News

Written by Ravindra Bhagwanani on . Posted in Archives

Sta-Bra

Decisively, there are things in life that don’t go together. Such as the Star Alliance and Brazil. The alliance has managed over its not so long history to recruit successively two member airlines in the country and both failed. After the early failure of Varig, the same destiny was reserved to Avianca Brasil. And as with Varig (or any other failures in other markets), the alliance has remained completely silent in regard to what might happen to any outstanding points of Amigo members. Such lack of commitment towards members will only accelerate the decrease of importance of the alliances: While alliances offer some benefits in good weather, customers would like to be able to count on them during bad weather, too and that definitely extends to the question of honouring miles of a failed member airline. Whether the rising Brazilian star Azul Airlines, which has already close bilateral relationships with Star partner TAP Air Portugal and United, will be tempted to join the alliance in front of such history remains to be seen. Colombian airline Avianca and its LifeMiles program are not affected by these developments.

Written by Ravindra Bhagwanani on . Posted in Archives

G3

While not too much good news has reached us from Brazil as of lately between Avianca Brasil and a weird President, not everything is actually bad: Gol’s program Smiles definitely helps to save the reputation by its latest initiative. Already featuring one of the most diverse and interesting global partner networks of any program, including airlines such as Delta, Air Canada, Air France KLM, TAP Air Portugal, Emirates, Qatar Airways or Korean Air, it has now not only added South African as another full accrual and redemption partner, but perhaps even more interestingly several smaller African carriers as redemption partners only. They include Ethiopian Airlines, TAAG (Angola) and Royal Air Maroc. Those carriers have all in common that they serve São Paolo, making Smiles hence clearly the best option among Brazilian programs to reach the African continent from Brazil, but potentially also from elsewhere. Spanish airline Air Europa is another new redemption-only partner.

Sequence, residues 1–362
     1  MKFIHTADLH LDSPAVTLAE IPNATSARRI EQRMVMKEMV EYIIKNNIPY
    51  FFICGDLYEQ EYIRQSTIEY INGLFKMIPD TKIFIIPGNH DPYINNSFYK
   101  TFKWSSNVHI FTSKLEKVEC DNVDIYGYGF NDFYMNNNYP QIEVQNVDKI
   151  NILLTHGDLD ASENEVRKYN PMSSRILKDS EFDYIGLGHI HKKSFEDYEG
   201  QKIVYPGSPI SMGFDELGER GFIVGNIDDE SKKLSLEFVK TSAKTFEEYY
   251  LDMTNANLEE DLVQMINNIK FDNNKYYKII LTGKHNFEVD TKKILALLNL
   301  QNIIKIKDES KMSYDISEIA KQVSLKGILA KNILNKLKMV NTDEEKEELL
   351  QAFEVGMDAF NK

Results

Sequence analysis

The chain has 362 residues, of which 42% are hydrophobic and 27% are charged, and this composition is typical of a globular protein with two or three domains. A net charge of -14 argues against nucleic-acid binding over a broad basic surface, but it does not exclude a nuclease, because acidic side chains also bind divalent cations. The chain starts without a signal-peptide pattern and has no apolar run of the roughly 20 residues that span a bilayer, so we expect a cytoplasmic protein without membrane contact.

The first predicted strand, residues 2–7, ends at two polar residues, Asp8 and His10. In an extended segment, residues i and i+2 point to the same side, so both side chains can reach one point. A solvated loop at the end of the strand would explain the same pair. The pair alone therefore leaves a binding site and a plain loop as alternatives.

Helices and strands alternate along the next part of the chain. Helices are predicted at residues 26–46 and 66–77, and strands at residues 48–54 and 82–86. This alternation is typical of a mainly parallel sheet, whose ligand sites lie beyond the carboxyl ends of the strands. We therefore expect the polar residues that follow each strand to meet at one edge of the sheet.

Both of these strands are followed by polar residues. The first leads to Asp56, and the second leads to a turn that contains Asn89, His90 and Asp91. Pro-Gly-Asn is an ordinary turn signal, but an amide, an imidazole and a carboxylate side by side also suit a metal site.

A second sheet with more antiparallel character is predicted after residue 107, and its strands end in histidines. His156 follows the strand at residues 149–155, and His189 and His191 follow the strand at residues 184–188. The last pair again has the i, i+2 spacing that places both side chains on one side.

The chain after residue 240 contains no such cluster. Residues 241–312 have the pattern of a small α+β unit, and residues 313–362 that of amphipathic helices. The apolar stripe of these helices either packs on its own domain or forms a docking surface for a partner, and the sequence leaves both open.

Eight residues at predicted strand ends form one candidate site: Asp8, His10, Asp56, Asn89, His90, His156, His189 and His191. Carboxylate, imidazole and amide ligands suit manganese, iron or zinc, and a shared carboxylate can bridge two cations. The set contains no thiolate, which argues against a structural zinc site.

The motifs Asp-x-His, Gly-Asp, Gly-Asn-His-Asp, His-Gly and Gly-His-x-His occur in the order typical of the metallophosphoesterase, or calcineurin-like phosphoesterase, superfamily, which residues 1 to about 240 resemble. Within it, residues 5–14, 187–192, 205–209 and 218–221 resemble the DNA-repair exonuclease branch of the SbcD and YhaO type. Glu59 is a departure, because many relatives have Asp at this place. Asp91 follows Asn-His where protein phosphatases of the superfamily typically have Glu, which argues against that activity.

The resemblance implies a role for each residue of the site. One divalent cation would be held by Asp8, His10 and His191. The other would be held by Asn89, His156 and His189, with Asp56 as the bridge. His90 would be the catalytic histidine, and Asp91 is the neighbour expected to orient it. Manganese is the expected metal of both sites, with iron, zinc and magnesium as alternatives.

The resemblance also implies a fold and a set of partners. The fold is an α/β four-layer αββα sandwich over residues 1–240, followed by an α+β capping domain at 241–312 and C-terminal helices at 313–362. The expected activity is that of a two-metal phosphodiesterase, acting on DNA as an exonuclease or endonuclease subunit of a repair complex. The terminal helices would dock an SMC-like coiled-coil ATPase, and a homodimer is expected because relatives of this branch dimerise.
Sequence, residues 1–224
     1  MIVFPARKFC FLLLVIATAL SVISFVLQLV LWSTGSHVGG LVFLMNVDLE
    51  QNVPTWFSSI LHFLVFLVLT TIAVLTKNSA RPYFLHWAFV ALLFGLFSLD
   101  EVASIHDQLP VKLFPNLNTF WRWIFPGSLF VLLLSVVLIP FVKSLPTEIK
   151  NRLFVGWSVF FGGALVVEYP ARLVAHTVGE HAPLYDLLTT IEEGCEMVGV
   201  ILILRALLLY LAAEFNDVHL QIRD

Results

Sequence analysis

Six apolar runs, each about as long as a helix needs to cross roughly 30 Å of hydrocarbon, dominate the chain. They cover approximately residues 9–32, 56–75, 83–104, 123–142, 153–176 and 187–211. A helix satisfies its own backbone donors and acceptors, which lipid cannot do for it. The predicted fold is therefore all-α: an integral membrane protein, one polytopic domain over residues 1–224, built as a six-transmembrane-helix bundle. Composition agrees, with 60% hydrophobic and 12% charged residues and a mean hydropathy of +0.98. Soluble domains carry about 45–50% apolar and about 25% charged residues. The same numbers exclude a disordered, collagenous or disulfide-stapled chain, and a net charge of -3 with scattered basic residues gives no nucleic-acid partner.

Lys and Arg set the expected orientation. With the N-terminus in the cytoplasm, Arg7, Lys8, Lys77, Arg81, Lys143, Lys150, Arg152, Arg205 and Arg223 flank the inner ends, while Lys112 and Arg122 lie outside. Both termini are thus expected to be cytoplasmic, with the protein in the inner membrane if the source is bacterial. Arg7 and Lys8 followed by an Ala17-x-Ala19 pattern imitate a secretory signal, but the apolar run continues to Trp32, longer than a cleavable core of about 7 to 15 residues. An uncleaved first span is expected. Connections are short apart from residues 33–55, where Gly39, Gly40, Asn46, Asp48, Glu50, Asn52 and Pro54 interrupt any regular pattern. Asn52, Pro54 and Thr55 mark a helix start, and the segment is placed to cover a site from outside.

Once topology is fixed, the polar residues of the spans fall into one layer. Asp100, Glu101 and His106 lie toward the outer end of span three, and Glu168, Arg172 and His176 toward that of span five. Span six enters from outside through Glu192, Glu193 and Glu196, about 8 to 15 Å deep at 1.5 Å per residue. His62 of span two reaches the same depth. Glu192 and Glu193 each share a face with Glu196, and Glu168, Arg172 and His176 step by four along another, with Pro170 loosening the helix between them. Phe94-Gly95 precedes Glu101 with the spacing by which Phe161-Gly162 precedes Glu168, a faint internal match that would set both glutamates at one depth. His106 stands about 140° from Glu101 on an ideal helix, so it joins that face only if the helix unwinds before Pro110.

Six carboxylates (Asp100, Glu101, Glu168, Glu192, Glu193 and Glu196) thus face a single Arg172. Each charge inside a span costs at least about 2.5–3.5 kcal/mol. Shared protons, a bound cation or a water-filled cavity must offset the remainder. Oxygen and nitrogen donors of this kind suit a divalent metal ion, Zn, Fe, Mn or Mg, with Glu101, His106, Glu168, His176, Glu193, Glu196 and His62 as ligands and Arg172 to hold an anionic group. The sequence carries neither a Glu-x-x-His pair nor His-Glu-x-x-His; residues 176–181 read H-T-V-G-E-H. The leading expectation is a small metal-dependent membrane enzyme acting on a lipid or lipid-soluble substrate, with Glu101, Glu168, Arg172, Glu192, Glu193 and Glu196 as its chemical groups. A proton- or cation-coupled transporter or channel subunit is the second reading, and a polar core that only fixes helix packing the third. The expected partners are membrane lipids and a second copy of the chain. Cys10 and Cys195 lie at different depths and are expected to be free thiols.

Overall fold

Written by Ravindra Bhagwanani on . Posted in Archives

DY-Avi

The question to ask is actually very simple: Do you believe that Norwegian will still be around next spring? If your answer is yes AND if you reside in Scandinavia, the UK or Spain, you should look no further than Avis for your upcoming car rental requirements. Each of up to three rentals booked by October 31 over the Norwegian website and realised by January 31 enters into a prize draw to win 50,000 CashPoints in its Norwegian Reward program. Obviously, the chances to win are not tremendous, but the potential prize is nevertheless worth it. 50,000 CashPoints have a direct cash value of 50,000 Norwegian Krones (ca. 5,500 USD), good for future bookings on Norwegian. And even if you don’t win, the standard accrual rate of 10% of the rental value credited as CashPoints represents one of the most interesting accrual values you can achieve with Avis.

Written by Ravindra Bhagwanani on . Posted in Archives

Acc-Eur

Le Club Accorhotel is running two independent promotions until September 27, which are definitely worth considering: First, 500, 2,500 and 3,000 bonus points are earned for the first, second and third stay at an Accor property reserved by September 27 and completed by January 19. Secondly, Europcar rentals earn double points for the same reservation period, with a completion date of rentals by December 15. The exception are though rentals of at least eight days in selected European countries as well as in Australia and New Zealand, which earn a bonus of 5,000 points (for a total credit of 6,000 points). 11,000 Accor points have a cash value of 220 EUR when redeemed at Accor properties.

Written by Ravindra Bhagwanani on . Posted in Archives

IA

The concept of Frequent Flyer Programs continues its global triumph and now also lands for the first time at Iraqi Airways. Whether the program will really become relevant for the frequent traveller community might be questionable, but it can be assumed that it will soon at least change its name: While Delta, alongside with American and United, is still focused on fighting the three big Gulf carriers at a political level, it should rather have looked at the real threat, the much smaller Iraqi Airways: The latter has elected to call its FFP SkyMiles, basically not caring that Delta registered that name as trademark a long time ago. As the US helped to put the new law system in place in Iraq, this might not last for too long though – provided Delta becomes aware of it at all in first place.